Saturday, May 31, 2014

Devil's Knot Review

Devil's Knot Review
The Memphis Three case of 1993 was disastrous event in the early 1990’s. If you are unfamiliar with the event, it went like this. In 1993 in West Memphis, Arkansas, three eight-year-old boys were mysteriously abducted. The boys were found dead the next day, from brutal sexual violence. The town’s religious community and police department were convinced that the boys victims of a satanic cult due to the manner of their murder. A month later, three teenagers named Damien Echols, Jason Baldwin and Jesse Misskelley Jr. were arrested and charged with the crime. Misskelley, who was mentally handicapped, confessed the murder after four hours of interrogation. The three boys were quickly charged with the crime, despite vowing their innocence. The boys hired top forensic workers to prove their innocence, but the judge found them all guilty anyway, Baldwin and Misskelley were both sentenced to life, and Echols was sentenced to death. It wasn’t until 2011 when their case was re-opened and a new judge examined the evidence, and the boys were allowed to walk free.

“Devil’s Knot” focuses on the story of the Memphis Three. It has a great cast, which includes Reese Witherspoon, Colin Firth, Dane DeHaan, Mireille Enos, Bruce Greenwood and Kevin Durand. Sadly, despite the great cast and interesting storyline, there is absolutely nothing that sticks with “Devil’s Knot.” This is a criminally straightforward movie that takes away all the tension, confusion and overall emotional drive out the movie entirely. Instead of looking at a professional, Hollywood movie, this is a community theater interpretation at best. The actors all seem determined to give good impersonations of characters, instead of becoming the characters themselves. The script by Paul Harris Boardman and Scott Derrickson is a wallow. It is completely devoid of the tension and excitement required to make a movie like this special. The direction Atom Egoyan is completely misguided and without merit.

Witherspoon plays Pamela Hobbs, one of the mother’s of the missing children. While I have liked Witherspoon’s work in the past, she was totally wasted here. It seems Witherspoon is just going through the motions of a “concerned mother” instead of becoming a real character; nothing about her performance is unique, nothing raising the bar on characters similar to hers in the past. It seems Firth is trying to be equally boring as Ron Lax, a private investigator brought into the crime. I have also liked Firth quite a bit in the past, but he is also very much wasted in this movie and seems completely lost in the film at times. Both Greenwood and Enos give some of the best performances of the movie, but their characters are so pedestrian, so straightforward, so boring that it is hard to register with them. Greenwood plays the judge handed the case while Enos plays a West Memphis resident who plays a big part in getting the teenagers convicted. Their actions are so self-aware that Egoyan should have given them mustaches to twirl. They both feel like cartoon villains more than actual characters.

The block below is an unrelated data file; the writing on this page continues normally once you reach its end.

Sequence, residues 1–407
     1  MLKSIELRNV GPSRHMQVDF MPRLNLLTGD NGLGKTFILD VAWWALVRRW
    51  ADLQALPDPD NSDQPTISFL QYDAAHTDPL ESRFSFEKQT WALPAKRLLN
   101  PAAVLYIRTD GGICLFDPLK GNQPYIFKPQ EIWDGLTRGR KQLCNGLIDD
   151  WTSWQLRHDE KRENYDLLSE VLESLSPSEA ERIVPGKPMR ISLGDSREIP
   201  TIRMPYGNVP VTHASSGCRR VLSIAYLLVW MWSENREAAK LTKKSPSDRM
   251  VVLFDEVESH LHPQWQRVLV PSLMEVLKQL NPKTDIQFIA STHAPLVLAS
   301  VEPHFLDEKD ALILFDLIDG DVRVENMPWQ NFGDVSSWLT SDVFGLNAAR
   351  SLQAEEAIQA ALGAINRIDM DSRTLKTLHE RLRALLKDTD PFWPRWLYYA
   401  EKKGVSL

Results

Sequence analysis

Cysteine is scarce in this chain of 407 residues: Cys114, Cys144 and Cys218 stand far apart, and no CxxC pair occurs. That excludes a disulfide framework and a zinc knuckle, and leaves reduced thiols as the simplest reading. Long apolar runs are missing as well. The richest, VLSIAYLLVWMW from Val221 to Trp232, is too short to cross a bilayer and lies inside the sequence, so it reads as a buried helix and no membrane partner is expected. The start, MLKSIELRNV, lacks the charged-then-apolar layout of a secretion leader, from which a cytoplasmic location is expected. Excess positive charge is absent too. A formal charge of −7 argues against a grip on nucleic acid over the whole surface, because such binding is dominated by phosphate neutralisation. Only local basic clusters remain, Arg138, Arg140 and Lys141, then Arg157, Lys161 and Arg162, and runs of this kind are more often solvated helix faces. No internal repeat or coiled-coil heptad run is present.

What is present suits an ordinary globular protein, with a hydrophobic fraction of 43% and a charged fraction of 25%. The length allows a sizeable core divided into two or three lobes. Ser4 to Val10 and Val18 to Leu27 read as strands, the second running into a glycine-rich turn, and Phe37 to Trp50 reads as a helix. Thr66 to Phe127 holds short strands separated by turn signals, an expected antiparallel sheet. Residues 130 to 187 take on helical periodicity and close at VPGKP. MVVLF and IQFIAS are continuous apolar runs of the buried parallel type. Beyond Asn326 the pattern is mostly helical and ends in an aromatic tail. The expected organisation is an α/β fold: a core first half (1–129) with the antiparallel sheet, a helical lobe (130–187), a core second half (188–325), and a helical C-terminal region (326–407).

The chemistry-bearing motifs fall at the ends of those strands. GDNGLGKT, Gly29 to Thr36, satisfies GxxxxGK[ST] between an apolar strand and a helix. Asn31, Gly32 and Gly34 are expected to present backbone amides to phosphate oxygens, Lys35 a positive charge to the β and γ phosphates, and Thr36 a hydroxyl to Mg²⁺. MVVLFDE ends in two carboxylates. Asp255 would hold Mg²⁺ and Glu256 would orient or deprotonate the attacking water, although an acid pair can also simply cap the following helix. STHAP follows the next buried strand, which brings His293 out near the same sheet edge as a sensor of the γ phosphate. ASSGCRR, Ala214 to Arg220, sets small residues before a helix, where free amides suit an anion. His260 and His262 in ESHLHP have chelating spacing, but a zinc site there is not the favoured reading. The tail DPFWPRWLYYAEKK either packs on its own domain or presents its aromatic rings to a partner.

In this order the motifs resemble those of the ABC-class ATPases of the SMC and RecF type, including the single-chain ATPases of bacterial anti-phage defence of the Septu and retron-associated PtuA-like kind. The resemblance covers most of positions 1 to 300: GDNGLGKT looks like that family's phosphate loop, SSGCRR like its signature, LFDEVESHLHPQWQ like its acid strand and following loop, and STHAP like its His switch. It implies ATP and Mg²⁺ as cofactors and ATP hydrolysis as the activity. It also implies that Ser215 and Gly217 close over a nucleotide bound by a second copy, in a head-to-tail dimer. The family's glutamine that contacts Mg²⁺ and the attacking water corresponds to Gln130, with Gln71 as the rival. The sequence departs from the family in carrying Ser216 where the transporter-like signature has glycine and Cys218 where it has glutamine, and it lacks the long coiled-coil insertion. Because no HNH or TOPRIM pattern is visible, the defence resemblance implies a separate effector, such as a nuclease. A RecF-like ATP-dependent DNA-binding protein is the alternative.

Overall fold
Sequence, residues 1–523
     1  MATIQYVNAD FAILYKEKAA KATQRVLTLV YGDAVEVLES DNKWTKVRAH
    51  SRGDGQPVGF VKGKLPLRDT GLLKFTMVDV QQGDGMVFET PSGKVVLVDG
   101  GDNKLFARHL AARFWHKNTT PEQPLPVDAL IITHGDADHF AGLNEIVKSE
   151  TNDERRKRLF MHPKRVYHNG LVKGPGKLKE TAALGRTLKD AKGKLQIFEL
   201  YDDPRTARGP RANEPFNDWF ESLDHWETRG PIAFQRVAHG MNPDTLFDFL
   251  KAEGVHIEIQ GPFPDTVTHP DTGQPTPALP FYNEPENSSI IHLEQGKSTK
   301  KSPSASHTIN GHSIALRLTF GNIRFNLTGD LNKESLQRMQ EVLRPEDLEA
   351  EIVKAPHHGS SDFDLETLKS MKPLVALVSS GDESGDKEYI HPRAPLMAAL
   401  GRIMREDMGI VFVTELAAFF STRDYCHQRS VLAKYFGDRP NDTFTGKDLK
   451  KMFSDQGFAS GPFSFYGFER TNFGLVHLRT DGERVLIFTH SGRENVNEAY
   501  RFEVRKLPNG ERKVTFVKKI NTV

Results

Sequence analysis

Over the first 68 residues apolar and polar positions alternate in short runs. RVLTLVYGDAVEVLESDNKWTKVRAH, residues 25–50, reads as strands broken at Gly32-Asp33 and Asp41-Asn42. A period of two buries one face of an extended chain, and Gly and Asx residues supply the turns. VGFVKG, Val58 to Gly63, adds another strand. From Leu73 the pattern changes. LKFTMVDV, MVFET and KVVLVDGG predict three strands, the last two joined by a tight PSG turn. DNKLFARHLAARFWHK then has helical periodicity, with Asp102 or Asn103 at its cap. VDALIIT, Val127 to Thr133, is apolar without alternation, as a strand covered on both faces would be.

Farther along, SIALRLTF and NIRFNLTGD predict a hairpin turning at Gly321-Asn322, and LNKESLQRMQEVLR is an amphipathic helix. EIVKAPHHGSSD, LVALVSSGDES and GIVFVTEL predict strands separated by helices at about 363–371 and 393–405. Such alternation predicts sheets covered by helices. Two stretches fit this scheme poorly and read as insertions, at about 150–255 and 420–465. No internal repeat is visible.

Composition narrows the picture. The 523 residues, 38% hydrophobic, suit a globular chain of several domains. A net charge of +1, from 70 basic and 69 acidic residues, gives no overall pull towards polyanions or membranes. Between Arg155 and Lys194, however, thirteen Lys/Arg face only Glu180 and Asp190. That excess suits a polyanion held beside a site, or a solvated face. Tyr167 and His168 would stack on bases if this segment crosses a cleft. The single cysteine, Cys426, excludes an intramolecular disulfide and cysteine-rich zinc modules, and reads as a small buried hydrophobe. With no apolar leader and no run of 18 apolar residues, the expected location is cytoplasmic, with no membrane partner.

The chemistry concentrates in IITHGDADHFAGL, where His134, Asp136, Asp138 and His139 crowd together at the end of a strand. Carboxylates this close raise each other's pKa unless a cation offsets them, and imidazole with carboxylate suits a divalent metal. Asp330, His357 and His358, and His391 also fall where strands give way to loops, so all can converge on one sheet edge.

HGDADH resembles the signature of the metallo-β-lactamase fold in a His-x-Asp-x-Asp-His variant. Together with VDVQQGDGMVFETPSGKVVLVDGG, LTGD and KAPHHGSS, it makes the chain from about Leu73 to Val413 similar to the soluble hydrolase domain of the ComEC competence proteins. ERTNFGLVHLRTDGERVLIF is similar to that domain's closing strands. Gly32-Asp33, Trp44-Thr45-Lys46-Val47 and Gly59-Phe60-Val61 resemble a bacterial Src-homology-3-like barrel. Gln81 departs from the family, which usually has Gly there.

If you like movies like this, then I suggest checking out “Conviction” from 2010 starring Hilary Swank and Sam Rockwell or “Zodiac” from 2007 starring Jake Gyllenhaal, Mark Ruffalo and Robert Downey Jr. Both films also have to do with true stories about wrongful incarceration and unsolved mysteries and both are much better in their efforts. It is possible for directors to still milk suspicion, tension and excitement from a story that could easily be research online or at the local library. That skill is obviously missing from Egoyan. If you want something about The Memphis Three check out the documentaries “Paradise Lost: The Child Murders at Robin Hood Hills” from 1996 or “West of Memphis” from 2012. Both do a much better job of bringing the story to life and are much more insightful to this movie. That is another big problem with the film, it doesn’t bring anything worthwhile to table. It is just a lazy, straightforward adaption, featuring nothing concrete and nothing I would return to again for pleasure.


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